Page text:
Rise in RSV; Why are we Seeing this Common Winter Virus in the Summer?

Sep 07, 2021 at 02:29 pm by pj



Recently, the Centers for Disease Control and Prevention (CDC) issued a health advisory about an increase in Respiratory syncytial virus (RSV). According to the CDC, health officials have seen an increase in RSV cases in Alabama, Arkansas, Florida, Georgia, Kentucky, Louisiana, Mississippi, New Mexico, North Carolina, Oklahoma, South Carolina, Tennessee and Texas. The advisory encourages physicians to test for RSV in patients who are negative for COVID-19.  

Here in Florida, the increase in cases over the last year is staggering. In July 2020, there was a 3-week average of 1.2 positive RSV antigen tests, and in late May 2021, that number rose to 33. 

RSV is a common respiratory virus that can infect people of all ages. It is so common that most children have been infected with the virus by age two. Most people, including infants, usually develop only mild symptoms similar to that of a common cold, with congestion, runny nose and cough. But for some (especially infants ages 6-12 months), it can be severe and even life-threatening.  

RSV is typically a disease we see in the winter months, so why are doctors seeing more cases this summer? American Lung Association Chief Medical Officer Dr. Albert Rizzo said this is possibly due to loosening COVID-19 restrictions like social distancing and mask wearing. He said that because of these restrictions, we saw fewer respiratory infections in the last year such as RSV and influenza, but as the states are opening back up, more viruses are being transmitted. 

Local moms are feeling the stress and fear of RSV. Emmalee Smith’s son, who is now three, was diagnosed with RSV at just six months old. Since her son’s bout with RSV, any time he has had even a little cold, it turns into bronchitis and/or upper respiratory infection. Now he is on long-term medications to help treat these infections. Because of this, Smith still follows strict COVID protocols like wearing masks, social distancing, and disinfecting.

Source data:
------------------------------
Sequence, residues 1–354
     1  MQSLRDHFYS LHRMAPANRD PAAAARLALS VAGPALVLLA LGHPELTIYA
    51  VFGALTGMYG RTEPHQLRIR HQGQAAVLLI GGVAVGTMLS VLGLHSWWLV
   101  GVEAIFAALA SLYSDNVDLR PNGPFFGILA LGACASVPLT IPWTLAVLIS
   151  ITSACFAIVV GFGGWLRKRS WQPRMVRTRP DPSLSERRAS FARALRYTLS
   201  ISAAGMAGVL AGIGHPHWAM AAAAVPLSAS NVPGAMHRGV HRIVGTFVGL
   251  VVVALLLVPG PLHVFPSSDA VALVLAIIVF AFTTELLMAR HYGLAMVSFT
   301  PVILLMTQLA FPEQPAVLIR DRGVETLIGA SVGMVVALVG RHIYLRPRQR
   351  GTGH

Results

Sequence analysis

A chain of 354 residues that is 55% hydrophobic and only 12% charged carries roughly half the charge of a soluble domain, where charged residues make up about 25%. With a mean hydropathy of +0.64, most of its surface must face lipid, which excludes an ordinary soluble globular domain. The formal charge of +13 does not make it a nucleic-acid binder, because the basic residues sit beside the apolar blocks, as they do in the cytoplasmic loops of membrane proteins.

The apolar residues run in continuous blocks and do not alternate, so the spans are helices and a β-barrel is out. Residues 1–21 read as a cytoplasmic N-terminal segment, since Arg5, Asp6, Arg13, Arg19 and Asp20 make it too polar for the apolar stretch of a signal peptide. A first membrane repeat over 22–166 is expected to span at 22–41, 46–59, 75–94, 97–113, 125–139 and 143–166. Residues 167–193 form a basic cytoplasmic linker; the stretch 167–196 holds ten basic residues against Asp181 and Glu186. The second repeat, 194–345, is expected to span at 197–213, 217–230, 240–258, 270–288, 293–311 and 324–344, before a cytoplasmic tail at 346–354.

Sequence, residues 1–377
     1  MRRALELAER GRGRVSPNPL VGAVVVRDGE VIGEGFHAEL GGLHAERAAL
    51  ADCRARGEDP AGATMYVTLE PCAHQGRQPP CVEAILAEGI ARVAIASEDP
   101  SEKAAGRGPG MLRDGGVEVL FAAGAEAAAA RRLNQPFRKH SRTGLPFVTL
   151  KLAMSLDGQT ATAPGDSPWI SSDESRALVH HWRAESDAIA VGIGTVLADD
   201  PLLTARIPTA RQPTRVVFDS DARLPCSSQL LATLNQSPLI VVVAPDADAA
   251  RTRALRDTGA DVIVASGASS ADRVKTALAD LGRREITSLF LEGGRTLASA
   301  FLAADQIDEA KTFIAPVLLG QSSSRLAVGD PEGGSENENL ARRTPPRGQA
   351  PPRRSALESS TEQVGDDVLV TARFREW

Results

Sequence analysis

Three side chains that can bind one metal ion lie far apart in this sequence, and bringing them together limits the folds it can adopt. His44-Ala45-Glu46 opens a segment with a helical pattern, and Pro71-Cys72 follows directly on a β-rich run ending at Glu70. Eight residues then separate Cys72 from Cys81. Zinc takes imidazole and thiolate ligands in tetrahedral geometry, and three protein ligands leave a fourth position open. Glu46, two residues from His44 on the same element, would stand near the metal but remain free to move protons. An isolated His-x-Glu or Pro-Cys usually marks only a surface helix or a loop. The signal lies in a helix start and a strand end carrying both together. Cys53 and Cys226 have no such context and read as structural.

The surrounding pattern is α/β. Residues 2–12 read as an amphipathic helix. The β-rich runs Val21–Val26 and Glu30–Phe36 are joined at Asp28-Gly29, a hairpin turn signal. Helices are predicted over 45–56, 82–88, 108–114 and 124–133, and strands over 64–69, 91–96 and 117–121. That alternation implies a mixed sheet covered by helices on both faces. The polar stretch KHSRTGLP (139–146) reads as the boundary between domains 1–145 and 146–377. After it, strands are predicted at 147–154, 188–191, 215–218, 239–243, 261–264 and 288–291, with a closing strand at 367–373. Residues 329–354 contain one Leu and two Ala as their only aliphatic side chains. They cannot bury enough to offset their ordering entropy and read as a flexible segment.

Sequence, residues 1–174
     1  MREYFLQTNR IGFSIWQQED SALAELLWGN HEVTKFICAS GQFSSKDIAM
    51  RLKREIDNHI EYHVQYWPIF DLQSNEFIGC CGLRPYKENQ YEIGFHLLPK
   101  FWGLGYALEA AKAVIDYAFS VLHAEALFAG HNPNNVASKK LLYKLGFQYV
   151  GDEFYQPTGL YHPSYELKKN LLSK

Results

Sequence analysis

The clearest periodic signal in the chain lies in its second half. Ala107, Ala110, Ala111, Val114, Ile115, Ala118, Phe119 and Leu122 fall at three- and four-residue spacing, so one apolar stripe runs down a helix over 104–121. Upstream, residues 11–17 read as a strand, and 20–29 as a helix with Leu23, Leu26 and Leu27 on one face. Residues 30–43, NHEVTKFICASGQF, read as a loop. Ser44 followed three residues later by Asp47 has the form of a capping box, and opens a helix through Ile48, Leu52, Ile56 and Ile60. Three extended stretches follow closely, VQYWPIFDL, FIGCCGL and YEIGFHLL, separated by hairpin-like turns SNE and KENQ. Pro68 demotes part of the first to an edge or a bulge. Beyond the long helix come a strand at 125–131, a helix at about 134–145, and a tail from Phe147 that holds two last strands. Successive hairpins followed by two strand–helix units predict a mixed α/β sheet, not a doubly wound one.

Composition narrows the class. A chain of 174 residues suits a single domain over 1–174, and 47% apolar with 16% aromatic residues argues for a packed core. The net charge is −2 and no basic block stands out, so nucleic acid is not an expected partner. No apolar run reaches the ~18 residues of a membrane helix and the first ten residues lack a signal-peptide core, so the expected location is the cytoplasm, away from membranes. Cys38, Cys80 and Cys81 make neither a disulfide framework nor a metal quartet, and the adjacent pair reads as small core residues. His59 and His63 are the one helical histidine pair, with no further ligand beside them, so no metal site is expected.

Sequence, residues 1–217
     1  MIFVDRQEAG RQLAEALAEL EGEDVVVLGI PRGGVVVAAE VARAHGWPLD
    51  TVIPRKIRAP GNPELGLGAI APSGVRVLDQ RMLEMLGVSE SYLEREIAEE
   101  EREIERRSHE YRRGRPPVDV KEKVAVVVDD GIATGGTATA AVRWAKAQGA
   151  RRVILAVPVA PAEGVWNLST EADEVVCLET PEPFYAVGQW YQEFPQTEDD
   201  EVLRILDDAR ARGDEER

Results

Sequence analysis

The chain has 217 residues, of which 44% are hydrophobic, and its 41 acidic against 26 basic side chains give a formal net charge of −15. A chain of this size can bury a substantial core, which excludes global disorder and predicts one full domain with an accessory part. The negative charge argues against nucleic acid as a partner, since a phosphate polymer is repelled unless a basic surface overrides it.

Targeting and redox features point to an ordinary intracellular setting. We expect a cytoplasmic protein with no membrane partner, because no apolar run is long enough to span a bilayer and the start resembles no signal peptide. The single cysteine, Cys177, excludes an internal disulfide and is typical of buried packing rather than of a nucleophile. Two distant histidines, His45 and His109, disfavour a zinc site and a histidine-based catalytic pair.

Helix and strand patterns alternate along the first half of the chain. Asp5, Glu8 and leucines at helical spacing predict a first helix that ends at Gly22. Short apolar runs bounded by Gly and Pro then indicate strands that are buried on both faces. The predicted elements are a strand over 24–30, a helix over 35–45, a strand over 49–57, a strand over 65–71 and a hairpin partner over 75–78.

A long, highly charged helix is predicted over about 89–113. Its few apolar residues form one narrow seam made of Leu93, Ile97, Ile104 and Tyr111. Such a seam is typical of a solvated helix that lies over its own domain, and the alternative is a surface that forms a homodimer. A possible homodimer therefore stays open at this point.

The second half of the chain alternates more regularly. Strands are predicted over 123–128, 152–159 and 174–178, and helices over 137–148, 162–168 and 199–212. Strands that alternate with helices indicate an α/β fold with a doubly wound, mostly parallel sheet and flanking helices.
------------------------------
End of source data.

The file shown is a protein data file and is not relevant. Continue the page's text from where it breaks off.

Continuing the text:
Another local mom, Kristina Crossland, expressed concerns about doctor’s offices and hospitals not testing for RSV since the course of treatment is symptom management. This means the RSV cases could be higher than what is reported to the CDC.  

“Symptoms that occur from respiratory viruses such as RSV are virtually indistinguishable from COVID. Given that children below the age of 12 are not eligible for the COVID vaccine, they are at increased risk for COVID, however, they continue to be susceptible to other viruses like RSV as well, and this should be taken into consideration when testing these patients,” said Dr. Shreya Patel, local allergy and asthma physician and Lung Association volunteer.  

The CDC’s advisory recommends that physicians be aware of symptoms for RSV, that they should consider testing patients for RSV who present symptoms and are negative for COVID-19, report all RSV cases to the local health department, and watch RSV trends in their area.  

The Lung Association urges parents to watch for symptoms of RSV in their children, which include: 

Mild cold symptoms like congestion, runny nose, fever, cough and sore throat. Very young infants may be irritable, fatigued and have breathing difficulties. Normally these symptoms will clear up on their own in a few days. 


A barking or wheezing cough can be one of the first signs of a more serious illness. In these instances, the virus has spread to the lower respiratory tract, causing inflammation of the small airways entering the lungs. This can lead to pneumonia or bronchiolitis. 


Infants with severe RSV will have short, shallow and rapid breathing. This can be identified by "caving-in" of the chest in between the ribs and under the ribs (chest wall retractions), "spreading-out" of the nostrils with every breath (nasal flaring), and abnormally fast breathing. In addition, their mouth, lips and fingernails may turn a bluish color due to lack of oxygen. 


When to Call a Doctor: You should call your doctor if you or your child is having trouble breathing, has poor appetite or decreased activity level, cold symptoms that become severe, or a shallow cough that continues throughout the day and night. 


For more information about RSV, visit https://lung.org/rsv.  

Janelle Hom, is Executive Director, American Lung Association in Florida.